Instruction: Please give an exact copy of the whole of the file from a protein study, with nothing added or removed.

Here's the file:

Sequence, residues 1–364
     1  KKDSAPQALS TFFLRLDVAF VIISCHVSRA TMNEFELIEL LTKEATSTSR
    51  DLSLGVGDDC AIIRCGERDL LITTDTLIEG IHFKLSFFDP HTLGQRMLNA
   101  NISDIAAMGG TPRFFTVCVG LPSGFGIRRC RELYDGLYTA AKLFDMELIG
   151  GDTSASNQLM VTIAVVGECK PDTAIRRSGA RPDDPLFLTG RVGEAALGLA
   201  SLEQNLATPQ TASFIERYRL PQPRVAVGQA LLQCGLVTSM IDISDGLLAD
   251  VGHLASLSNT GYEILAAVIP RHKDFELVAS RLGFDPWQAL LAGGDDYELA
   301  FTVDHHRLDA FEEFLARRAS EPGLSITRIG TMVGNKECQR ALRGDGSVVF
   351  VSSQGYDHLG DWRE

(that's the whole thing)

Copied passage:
Sequence, residues 1–364
     1  KKDSAPQALS TFFLRLDVAF VIISCHVSRA TMNEFELIEL LTKEATSTSR
    51  DLSLGVGDDC AIIRCGERDL LITTDTLIEG IHFKLSFFDP HTLGQRMLNA
   101  NISDIAAMGG TPRFFTVCVG LPSGFGIRRC RELYDGLYTA AKLFDMELIG
   151  GDTSASNQLM VTIAVVGECK PDTAIRRSGA RPDDPLFLTG RVGEAALGLA
   201  SLEQNLATPQ TASFIERYRL PQPRVAVGQA LLQCGLVTSM IDISDGLLAD
   251  VGHLASLSNT GYEILAAVIP RHKDFELVAS RLGFDPWQAL LAGGDDYELA
   301  FTVDHHRLDA FEEFLARRAS EPGLSITRIG TMVGNKECQR ALRGDGSVVF
   351  VSSQGYDHLG DWRE